When describing the infamous shower scene in his legendary "Psycho", Alfred Hitchcock denied that the audience was
so horrified because of the story or that the main character was in trouble, but were excited by "pure film". Hitchcock
knew that cinema is a truly unique way to stir excitement and express artistic intent. Also, when one has so much to play
around with, so many ways to get the audience riled up, why settle for the norm? Why not take advantage of all film has to
offer? Tom Tykwers "Run Lola Run" is a perfect example of "pure film", a frenetic journey that is nothing
short of brilliant entertainment.
After the refreshingly original opening credits, we meet Manni (Moritz Bleibtreu),
a man in a bit of trouble with the mob. He needs 100,000 marks and fast; 20 minutes to be exact. So, his girlfriend Lola
(Franka Potente), who's had enough of his whining, runs off to try to get the money before the clock strikes 12. Go Lola!
So what's so special about that? In case you hadn't already figured it out, 20 minutes isn't exactly enough to fill
a full-legnth feature film. But never you worry, director/writer Tom Tykwer thought of this in advance. We are treated to
not one, not two, but three versions of this story, exploring all (or most) of the possible ways that this situation could
have played out. This works surprisingly well. I never got tired of the concept, and by the end, I wanted to go back and
see the whole thing over again.
"Run Lola Run" plays like an hour and a half music video. The only rule
Tykwer followed while making this film is there are no rules. With this kind of freedom, the film really pulls out all the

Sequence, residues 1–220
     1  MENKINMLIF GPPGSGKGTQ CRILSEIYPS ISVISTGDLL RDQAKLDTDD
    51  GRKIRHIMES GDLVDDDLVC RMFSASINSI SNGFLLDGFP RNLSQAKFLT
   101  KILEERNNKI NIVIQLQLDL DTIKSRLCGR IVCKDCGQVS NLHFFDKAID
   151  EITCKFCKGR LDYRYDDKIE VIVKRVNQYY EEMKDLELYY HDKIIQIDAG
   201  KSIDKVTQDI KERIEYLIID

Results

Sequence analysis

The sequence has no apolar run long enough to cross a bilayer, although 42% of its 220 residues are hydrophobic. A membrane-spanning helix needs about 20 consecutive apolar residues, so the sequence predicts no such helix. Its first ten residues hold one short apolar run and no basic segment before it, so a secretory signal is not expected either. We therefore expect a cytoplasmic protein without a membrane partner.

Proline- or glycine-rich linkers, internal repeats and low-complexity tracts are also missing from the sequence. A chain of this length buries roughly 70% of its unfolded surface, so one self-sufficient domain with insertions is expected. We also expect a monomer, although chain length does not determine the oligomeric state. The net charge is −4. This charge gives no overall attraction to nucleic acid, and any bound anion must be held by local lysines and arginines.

stops. The fusing of so many different techniques, from regular film to digital video to animation, pays off in an explosive
way. One thing I was particularly impressed with was that whenever Lola would run past someone on the street (who in any
other movie would just be extras), we see a split-second flash forward detailing how the rest of their lives will play out.
It really gives one something to think about; how much do little things impact the rest of our lives? For example, if Lola
runs past an older lady with a stroller, that lady may win the lottery. If Lola bumps into her, she may be deported.
Going into this type of movie, one doesn't really expect much from the performances. More or less, the acting is what
it should be and nothing more. The actors fit into their roles well and don't really participate in any explosive melodrama,
which works much for the benefit of the film. However, Franka Potente is something else. She does more than act; she inhabits
Lola. She shapes Lola into an action movie icon, someone we can root and get excited for as she tries to get from place A
to B three times. Lola is more than an everyday heroine; she is a unique character who has depth and many quirky traits (including
that weird banshee scream).
Unfortunately, between each 20-minute segment, the film does slow down a little. Between
each segment we get parts of a scene of Lola and Manni together discussing how the other would get along if something happened
to one of them. These scenes are designed to add some intimacy and irony to the outcomes of each scenario, but in the middle
of so much energetic chaos, all they really does is slow the film down.
But that is just a trivial nitpick in the
midst of so many delights. "Run Lola Run" is nothing short of exhilarating. It's the kind of movie where a billion
random ideas can come and form one coherent piece. Finally, we get a movie that's a lot of fun and doesn't require you to
leave your brain at the door. "Run Lola Run" is the kind of experience that can only be found in the movies.